Initially, the doctor reassured me that my breast cancer had been caught really early and that I mustn’t worry. It’s treatable and curable. The first thing in my head was stressing about chemo, but she claimed they couldn’t ascertain the procedure until a discussion with an oncologist. But she did say that a lumpectomy was the first thing on the roster followed by radiation.
Six weeks after my lump had been removed, towards October 27, the doctor congratulated me; the lump hadn’t spread at all – not in my underarms or tissue so that was a relief. So the doctor rendered me cancer-free. But then she said, there’s one issue: you still have to go through chemotherapy. I pleaded against it, but she said my cancer cells were very aggressive and I couldn’t afford the risk.
So then On November 9, I had an appointment with a breast cancer surgeon. We decided upon 7 chemo sessions spaced by 3 weeks, but a very heavy dosage was involved. Then we reconsidered and concluded upon 12 shorter sessions that we’d wrap up within 12 weeks. Following 3 months of chemo, there was a 3-week break and then we dived into 10 days of radiation.
What was your experience with chemotherapy?
But chemo was okay – horrible, but surprisingly okay because prior to my treatment I’d been prescribed a lot of anti-sickness tablets and steroids so they had helped a lot. I ended up being the lucky few who didn’t vomit during chemo. But I did have diarrhoea, blood-like pimples growing on my scalp – you can still see their marks. I didn’t have a urine infection, but I felt like my pubic area would explode. Then again I knew people had it way worse, so I was still grateful.
Yes, radiation wasn’t painful but because of both chemo and radiation, I lost my eyebrow hair, my nails became blue, even my skin paled and became near blue. But 2-3 months into this, my skin, hair, and hands got better. However, because my tumour has no set medicine, every 3 weeks I am to get injections on my thighs – we alternate the thigh each time. This is a prescription of 18 injections and I am to get my 16th shot on Friday, October 16 – what an irony. Its major symptom is heart damage so every 4 months I have a heart check-up. But I’m glad my dosage will end before my son’s birthday dated November 26.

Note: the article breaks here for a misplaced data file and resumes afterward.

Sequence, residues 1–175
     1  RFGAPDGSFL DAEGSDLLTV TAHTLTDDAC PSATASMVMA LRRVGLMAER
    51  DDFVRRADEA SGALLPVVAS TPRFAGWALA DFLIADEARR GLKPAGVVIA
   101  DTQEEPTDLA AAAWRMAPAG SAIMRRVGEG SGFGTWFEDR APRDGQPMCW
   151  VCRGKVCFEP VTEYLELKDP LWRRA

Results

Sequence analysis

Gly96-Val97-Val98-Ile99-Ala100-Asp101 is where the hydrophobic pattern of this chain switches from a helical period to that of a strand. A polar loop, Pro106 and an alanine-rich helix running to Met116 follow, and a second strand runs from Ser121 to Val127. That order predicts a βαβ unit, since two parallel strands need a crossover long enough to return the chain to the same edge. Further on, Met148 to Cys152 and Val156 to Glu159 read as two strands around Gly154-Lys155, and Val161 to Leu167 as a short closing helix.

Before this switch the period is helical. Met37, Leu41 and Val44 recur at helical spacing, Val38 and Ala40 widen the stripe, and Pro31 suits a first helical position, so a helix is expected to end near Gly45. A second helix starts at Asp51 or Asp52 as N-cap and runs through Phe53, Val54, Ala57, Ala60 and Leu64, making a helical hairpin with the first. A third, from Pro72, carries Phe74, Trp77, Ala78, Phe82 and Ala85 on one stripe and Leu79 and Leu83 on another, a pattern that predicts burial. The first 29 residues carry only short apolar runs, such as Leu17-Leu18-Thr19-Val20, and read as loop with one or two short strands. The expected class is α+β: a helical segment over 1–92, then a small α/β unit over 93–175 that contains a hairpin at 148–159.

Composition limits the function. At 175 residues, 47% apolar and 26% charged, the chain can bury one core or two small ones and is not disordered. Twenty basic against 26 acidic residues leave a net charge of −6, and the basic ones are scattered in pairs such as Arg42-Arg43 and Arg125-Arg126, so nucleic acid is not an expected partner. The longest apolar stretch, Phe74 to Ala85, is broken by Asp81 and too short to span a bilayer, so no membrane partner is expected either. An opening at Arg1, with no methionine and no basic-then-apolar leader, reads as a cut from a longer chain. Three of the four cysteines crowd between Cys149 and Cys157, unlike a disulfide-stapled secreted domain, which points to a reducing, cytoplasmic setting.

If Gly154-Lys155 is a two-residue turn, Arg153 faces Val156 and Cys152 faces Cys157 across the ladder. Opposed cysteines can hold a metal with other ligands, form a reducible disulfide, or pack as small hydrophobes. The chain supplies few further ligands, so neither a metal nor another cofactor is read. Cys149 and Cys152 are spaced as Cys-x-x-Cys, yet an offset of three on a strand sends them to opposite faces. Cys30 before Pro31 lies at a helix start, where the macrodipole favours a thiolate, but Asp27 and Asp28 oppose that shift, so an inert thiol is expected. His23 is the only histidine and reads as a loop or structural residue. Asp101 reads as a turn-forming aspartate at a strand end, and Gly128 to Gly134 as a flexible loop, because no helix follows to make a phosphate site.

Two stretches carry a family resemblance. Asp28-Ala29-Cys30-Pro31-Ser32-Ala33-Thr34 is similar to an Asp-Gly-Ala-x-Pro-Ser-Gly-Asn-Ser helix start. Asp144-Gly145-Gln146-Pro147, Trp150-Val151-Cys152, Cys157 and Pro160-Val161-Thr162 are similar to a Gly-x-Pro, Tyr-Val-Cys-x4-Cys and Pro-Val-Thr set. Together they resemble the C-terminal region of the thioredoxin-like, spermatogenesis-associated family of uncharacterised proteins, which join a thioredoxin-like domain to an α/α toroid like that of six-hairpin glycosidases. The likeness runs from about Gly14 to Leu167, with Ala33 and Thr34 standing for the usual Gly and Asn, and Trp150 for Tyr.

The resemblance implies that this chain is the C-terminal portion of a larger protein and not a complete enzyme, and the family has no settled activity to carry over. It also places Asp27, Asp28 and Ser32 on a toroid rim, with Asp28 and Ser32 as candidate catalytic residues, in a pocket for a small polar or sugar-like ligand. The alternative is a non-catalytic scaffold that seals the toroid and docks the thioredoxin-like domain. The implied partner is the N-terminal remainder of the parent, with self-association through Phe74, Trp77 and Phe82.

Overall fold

Do you think Covid-19 impacted your fight with cancer?
Haan. Coronavirus nay bohot barbady kee thee.
One of my operations was delayed because I had tested positive prior to it and the surgeons refused to operate on me. I screamed and cried; I begged them to operate on me in case my cancer spreads. Covid-19 messed things up completely. “Aur, jab mujhay laykar ja rahay thay chemo ward mein, aisay lag raha tha keh tobah astagfar moth kay moo mein lay kar ja rahay hain, jaisay examination daytay waqt wali feeling na? ” I wished for my husband and kids, any of them, to accompany me during my chemo sessions, but I was alone.
Post treatment, what’s on your mind now?
I fear for my kids, especially my daughter. Maryam now has a double history of breast cancer – one from her dad’s side, considering his elder sister had suffered but survived, and one from my end.
What do you think people should learn from your story?
Get yourself checked – breast cancer is curable early on! But if you shy away from checkups, then you’re doing yourself a disservice. Secondly, don’t stress – of course, this is easier said than done, and I should probably practise what I preach, but the threat of relapse is real.
Apparently, however, as per my reading, relapse rates are higher in those who have family histories of fighting this disease, then again, however, cancer is unpredictable so is relapse.
Lastly, here are a few resources available to those with breast cancer or its scares in Pakistan, they include: Shaukat Khanum Memorial Cancer Hospital and Research Centre, Pink Ribbon Pakistan, and KASH Welfare Trust.